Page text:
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Springer

old St Croix surf rod

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I was home rummaging through my dads old fishing stuff this weekend and came across an old fiberglass St. Croix one piece surf rod that is 9' and is brown/orange in color. I took it out and tossed a bomber with it for a while and it felt sweet for this size plug. All that is printed on the blank is "St Croix 509". Does anyone know anything about this old rod blank? The chrome plated guides metal reel seat and cork grip are in rough shape but I am wondering if a rod like this is worth my effort to restore with updated components.

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WBGelbke, I think for sure this will end up being a restoration project for me, it was origonally given to my Dad by my grandfather sometime in the 80s. Do you know where I can get info on the blank such as taper/action and recomended lure weights? Thanks.

 

Jason

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Ok so this turns out to be interesting. I contacted St Croix directly to find out about this rod and this is the reply I received:

 

[You have a rare one as the 509 was manufactured for just one year: 1975. Classified as a "Coastal," it was, as you surmised, intending for surf fishing.

 

In building a database, I found catalog content to be indicative of the times. Modern anglers would be quite upset if any rod manufacturer currently published such a catalog. In the '50s, rods were sold based on cosmetics more than function. Studying today's catalog with that statement in mind, it is quite apparent how much things have changed. The mid '70s was half and half, as indicated by the description of the "500 Series" rods (of which your "509" is one) in the 1975 St. Croix catalog:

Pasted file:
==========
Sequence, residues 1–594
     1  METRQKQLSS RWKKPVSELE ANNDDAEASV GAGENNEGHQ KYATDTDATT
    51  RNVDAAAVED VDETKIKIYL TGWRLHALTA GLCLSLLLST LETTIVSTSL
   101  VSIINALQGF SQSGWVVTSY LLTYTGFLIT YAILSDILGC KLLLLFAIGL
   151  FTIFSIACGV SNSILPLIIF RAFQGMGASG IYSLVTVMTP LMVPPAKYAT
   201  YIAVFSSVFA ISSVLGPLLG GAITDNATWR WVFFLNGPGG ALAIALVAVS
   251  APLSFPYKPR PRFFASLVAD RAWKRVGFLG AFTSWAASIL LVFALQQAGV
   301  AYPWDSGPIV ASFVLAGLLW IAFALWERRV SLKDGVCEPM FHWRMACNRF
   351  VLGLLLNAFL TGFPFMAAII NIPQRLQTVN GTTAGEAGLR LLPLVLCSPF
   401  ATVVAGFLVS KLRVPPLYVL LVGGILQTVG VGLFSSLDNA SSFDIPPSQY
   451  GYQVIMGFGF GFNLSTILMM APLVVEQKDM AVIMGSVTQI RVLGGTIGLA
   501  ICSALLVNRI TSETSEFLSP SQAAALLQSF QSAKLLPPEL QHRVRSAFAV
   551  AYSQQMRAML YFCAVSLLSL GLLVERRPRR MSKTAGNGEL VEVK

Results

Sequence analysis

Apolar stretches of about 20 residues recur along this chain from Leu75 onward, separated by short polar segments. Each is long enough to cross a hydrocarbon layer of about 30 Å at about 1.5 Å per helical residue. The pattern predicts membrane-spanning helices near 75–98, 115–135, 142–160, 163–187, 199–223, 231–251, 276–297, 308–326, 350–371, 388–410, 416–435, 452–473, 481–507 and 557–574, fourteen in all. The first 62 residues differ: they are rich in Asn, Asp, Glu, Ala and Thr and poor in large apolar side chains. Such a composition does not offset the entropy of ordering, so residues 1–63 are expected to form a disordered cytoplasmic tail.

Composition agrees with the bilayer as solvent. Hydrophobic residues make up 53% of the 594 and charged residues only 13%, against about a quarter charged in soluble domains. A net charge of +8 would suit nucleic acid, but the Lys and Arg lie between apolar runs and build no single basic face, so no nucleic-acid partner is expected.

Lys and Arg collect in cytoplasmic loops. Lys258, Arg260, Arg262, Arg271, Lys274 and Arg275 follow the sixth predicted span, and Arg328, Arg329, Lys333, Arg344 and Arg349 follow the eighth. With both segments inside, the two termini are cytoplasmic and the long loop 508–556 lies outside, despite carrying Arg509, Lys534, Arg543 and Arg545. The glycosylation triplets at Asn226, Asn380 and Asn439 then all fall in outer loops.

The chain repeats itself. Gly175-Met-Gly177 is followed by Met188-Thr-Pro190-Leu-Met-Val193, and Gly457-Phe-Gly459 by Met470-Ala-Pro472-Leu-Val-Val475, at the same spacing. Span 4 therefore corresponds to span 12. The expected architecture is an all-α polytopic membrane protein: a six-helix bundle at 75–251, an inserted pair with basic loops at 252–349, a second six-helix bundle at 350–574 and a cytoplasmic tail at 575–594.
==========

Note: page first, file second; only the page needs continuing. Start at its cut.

"The Coastal 500 Series features mahogany shafts with double wound stainless steel guides - #80 stripper - double locking ring and 1" chrome reel seat - cork grip - black underwrap and red overwrap - 2 thread winds - trim with diamond butt wrap."

 

That's it. Not a word about power or action or line/lure weight. The catalog, in fact, has only line drawings of portions of the rod. I apologize for not being able to provide you with more information but it simply isn't available.]

 

 

So this rod was manufactured in 1975 and it sounds like a nice blank. Now I need to figure out what to do with it. Is it worth restoring a 1975 rod to fish with or should I just hang onto it as a sentimental keep-sake? I am a total novice at rod building and would like some advice on the best way to tackle a project like this. If I were to restore the rod should I do it with all modern components or try and restore it to its original form when it was new?

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